This dramatic monologue is written in rhymed heroic couplets, a verse form popular in the Neo-classical poetry of the 18th century and used to narrate heroic works, famously implemented by Alexander Pope in his translation of the Iliad. This stylistic device serves to signal to the reader that the presumed starting point for the interpretation of the character of the Duke is that of a heroic character. Yet, this form was also used in Neo-classical poetry as a vehicle for parody of the genre of the epic and heroic through the development of the mock heroic genre in the works of John Dryden and Alexander Pope, thus preparing the reader for the undermining and problematizing of the heroic status of the main character, as well as for the failure to meet the expectations and the values he is supposed to embody. Furthermore, the form of the dramatic monologue is directly linked and originates from the dramatic soliloquy, a scene in a play where the character often contemplates and reveals the true psychological condition and character profile. This is a further signal for the reader to be careful and to analyze the text and the speech of the Duke in order to properly diagnose the true state of the main character and narrator. This way, we see how Browning through the choice of the genre, literary form, structure and meter of “My Last Duchess” prepares the stage and sets the scene for the story to unfold, but is also guiding the reader through the already pre-established parameters that are positioned within the triangle created by the author, literature (tradition) and the reader.
The conflict within the narration and the testimony of the Duke is evidenced in his speech. The structure of his speech is the first signal that we are dealing with a poem which is addressing themes which are relevant to its contemporary context, while the language is stylized and archaic to a certain degree, it is till the English language of the 19th century. This serves Browning to indicate that his intentions with the poem is not a mere restoration or illustration of a distant historical period for the diversion of his readers, but rather to use it as a background to construct a discussion and meditate on certain universal topics, though from the vantage point of the value horizon of English society in the first half of the 19th century. This is a language befitting a Victorian gentleman, aristocrat and a patriarchal figure, yet also language which is easily understandable for the Victorian public. Thus, the poem is a suitable medium for the introduction and discussion of contemporary topics, enabling the contemporary reader to more easily understand and receive subconsciously the messages hidden behind the seemingly solid and authoritative speech of the Duke.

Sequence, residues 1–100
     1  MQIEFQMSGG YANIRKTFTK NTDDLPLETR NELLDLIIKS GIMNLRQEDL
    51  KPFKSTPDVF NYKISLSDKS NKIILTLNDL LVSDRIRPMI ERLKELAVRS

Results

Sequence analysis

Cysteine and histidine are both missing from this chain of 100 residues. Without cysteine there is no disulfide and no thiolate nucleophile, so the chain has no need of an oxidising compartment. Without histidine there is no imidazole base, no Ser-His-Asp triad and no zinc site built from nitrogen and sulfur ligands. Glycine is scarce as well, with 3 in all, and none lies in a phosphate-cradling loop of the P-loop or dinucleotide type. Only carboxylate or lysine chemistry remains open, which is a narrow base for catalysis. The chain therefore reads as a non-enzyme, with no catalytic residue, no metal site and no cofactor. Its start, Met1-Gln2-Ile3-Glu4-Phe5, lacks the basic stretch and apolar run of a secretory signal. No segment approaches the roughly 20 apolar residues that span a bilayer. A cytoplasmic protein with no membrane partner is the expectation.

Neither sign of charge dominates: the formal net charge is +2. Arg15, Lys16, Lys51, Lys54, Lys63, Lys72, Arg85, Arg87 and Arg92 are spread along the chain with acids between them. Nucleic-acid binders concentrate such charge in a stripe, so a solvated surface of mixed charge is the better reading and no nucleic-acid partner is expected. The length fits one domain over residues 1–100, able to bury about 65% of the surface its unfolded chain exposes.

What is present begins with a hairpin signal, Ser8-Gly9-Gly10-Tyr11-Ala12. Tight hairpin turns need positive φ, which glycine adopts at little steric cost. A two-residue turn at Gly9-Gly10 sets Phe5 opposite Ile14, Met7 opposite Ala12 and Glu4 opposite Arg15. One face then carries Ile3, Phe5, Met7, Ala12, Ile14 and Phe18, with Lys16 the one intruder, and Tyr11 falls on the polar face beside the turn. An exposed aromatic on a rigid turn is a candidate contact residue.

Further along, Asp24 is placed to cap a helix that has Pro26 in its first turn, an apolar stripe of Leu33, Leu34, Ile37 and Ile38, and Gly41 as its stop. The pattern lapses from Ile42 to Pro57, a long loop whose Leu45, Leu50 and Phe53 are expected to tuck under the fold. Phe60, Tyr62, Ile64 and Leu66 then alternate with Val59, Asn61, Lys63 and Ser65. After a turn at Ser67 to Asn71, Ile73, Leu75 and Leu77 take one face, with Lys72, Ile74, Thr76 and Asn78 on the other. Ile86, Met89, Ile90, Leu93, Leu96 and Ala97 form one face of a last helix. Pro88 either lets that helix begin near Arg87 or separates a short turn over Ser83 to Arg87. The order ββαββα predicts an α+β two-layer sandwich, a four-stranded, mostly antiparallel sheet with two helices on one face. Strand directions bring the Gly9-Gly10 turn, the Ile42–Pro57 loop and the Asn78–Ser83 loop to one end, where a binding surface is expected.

Browning skillfully depicts the relations present in patriarchal society with the very first words uttered by the Duke in his monologue when presenting the portrait of his late wife. Her presence in the memory and her perception by society is solely mediated through the framed picture commissioned by her husband, the person who has sole control over it and decides who can see it or not. A picture by its nature is silent and lacks a voice of its own, even though it tells a story, yet it needs an external authority to read, interpret and communicate her story. In this case that is the role of the Duke of Ferrara, whose authority is derived not only from his person, but is also designated and sanctioned by patriarchal society itself. Browning exposes his authorative position not only through the structure of the dramatic monologue, but also through the depiction of his speech and the syntax and phrases that he uses. It is a subtle procedure to undermine from the very start the dominant position of the Duke both in society, as well as in the organization of the dramatic monologue.
The introduction of the Duke’s interlocutor, the envoy of the Count of Tirol, helps Browning to further open up the structure of the poem and fully utilize the potential of the dramatic monologue as a narrative form. The introduction of a second character and voice brings to life the polyphonic and heteroglossic aspects of the dramatic monologue. At the same time, when the Duke describes the portrait of his last Duchess, he also incorporates the voice of the painter Fra Pandolph by quoting his compliments given to the Duchess.
Fra Pandolf chanced to say, “Her mantle laps
Over my lady’s wrist too much,” or “Paint
Must never hope to reproduce the faint
Half-flush that dies along her throat.”